2. The dispersion in CYT images are much higher than SM images, ie the distance between cells is higher.

For (1) I’ve already found and computed a measure (directly on pixels, without any segmentation) that seems pretty robust. For (2) the measure is the agglomeration measure that we’re are talking about that from a conceptual point of view seems more fuzzy and complex to define.

Now for answer your question, as you said, I think that’s true, non circular cells have more impact due to the equivalent disk approximation. I don’t understand the second part of your answer, the segmentation step is executed before the “disk approximation” step, so “I suspect this method will make segmentation errors where watershed fails to separate two cells much more heavily weighted, due to the size of the circle created.” seems wrong to me or maybe I don’t understand

The second part was just an extension of the first. If you have two cells that are not separated, they will generally appear like one, larger, less circular object. So when you create the circle for those two (one) non-separated cells, they will have a large impact on your value for that image. There will always be errors in segmentation, but if this is happening more often for one cell type, you should expect that those cells will contribute more heavily to your total value (and therefore more heavily weight images with those cell types).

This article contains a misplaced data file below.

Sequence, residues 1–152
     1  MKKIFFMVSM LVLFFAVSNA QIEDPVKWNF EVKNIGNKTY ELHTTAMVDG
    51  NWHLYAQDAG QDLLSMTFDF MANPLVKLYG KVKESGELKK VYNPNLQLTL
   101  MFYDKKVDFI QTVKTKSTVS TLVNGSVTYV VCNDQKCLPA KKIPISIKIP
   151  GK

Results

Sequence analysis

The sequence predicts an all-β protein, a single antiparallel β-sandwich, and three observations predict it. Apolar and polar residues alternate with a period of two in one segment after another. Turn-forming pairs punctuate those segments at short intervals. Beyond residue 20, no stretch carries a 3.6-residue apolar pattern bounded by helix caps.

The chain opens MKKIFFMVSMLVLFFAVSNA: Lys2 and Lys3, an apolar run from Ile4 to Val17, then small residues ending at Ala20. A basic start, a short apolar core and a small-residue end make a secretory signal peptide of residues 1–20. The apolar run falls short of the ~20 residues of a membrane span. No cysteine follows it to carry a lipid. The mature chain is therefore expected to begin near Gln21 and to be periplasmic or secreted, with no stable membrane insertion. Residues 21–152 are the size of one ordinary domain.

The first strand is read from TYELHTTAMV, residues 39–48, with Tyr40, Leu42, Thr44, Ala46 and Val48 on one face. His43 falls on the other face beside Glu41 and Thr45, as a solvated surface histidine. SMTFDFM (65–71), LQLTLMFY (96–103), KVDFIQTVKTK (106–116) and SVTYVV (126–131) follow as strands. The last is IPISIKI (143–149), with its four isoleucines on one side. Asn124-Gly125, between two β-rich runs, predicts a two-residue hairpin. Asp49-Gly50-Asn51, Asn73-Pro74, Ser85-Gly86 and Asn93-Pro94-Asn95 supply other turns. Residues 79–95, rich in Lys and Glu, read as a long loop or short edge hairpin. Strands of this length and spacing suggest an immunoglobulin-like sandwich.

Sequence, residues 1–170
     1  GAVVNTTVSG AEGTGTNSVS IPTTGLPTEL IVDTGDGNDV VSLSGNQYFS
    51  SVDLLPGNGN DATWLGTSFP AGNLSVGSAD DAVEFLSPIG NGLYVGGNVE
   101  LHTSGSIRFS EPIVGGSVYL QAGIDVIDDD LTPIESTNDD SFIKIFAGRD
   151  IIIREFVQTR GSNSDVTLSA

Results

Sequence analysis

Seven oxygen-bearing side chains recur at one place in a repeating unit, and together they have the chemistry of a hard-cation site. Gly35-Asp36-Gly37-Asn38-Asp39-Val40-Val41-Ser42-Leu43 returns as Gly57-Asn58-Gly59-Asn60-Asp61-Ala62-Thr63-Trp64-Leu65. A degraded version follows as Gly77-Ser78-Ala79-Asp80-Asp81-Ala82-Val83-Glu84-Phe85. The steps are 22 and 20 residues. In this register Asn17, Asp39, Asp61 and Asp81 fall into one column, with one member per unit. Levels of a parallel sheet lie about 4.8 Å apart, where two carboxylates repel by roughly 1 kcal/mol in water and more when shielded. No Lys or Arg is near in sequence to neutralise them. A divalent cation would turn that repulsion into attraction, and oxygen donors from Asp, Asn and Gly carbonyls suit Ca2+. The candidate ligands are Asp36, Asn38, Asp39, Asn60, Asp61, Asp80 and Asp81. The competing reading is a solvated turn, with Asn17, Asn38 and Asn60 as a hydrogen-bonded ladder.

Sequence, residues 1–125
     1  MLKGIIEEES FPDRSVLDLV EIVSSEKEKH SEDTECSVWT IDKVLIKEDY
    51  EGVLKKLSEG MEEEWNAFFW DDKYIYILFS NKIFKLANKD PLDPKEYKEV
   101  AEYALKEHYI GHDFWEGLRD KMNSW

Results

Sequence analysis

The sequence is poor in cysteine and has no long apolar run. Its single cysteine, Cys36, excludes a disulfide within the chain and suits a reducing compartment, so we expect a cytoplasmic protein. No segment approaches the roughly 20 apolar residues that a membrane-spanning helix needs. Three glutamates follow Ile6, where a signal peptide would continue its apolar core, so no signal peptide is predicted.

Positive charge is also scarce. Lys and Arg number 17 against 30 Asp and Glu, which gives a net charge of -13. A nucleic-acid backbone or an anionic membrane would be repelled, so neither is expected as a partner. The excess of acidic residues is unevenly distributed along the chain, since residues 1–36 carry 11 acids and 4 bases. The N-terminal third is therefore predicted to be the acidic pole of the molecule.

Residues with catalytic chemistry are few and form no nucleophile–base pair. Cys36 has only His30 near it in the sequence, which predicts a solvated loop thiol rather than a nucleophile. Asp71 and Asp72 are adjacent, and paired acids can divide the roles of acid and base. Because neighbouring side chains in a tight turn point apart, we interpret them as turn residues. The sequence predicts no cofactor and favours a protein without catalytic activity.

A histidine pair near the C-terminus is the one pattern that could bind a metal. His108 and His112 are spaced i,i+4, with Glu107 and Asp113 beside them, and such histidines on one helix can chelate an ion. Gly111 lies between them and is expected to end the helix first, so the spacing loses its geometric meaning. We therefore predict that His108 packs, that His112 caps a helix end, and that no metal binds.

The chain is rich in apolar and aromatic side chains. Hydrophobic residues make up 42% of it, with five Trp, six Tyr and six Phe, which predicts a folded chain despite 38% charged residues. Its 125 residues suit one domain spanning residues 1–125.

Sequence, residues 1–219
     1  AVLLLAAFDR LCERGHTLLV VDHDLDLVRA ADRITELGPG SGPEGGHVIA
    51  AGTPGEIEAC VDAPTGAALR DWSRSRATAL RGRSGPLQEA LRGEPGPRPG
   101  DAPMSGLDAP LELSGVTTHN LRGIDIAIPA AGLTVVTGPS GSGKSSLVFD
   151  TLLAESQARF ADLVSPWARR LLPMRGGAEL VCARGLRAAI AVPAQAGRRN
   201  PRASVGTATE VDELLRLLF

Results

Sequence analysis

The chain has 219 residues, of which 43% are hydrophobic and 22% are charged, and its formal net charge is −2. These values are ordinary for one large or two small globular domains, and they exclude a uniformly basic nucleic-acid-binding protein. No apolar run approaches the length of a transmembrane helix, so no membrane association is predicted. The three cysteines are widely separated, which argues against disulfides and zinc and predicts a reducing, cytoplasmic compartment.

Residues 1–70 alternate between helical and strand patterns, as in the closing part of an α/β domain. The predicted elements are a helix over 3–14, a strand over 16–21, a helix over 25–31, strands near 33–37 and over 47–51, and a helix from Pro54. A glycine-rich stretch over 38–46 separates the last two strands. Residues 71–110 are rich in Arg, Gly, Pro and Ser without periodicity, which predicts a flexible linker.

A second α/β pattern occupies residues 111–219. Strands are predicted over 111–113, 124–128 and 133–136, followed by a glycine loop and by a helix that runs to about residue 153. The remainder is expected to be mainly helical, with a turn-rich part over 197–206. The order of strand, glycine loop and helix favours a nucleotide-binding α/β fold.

If that kind of error doesn’t really impact your final answer, then no worries! If your populations are similar enough, it probably won’t. If your two methods give you different proportions of cells though, it might. Something to watch out for.

Ok is much clearer now. From the readed papers seems that the processing techniques should not modify the proportions of cells types on the slides. Unluckily the distribution of the cell types (regardless the processing methods used) is not uniform, for example the lymphocite and mast cells are much less likely to be found, so your point could be true. Thanks to point out this issue, I’ll report it in the measure description.